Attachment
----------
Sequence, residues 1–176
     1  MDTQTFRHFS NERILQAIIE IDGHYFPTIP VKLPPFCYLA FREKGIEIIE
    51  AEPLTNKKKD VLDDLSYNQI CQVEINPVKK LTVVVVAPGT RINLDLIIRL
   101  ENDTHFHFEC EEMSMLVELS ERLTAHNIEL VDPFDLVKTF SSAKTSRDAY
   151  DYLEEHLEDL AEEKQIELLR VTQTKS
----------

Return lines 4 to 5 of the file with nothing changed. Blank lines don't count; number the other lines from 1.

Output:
   101  ENDTHFHFEC EEMSMLVELS ERLTAHNIEL VDPFDLVKTF SSAKTSRDAY
   151  DYLEEHLEDL AEEKQIELLR VTQTKS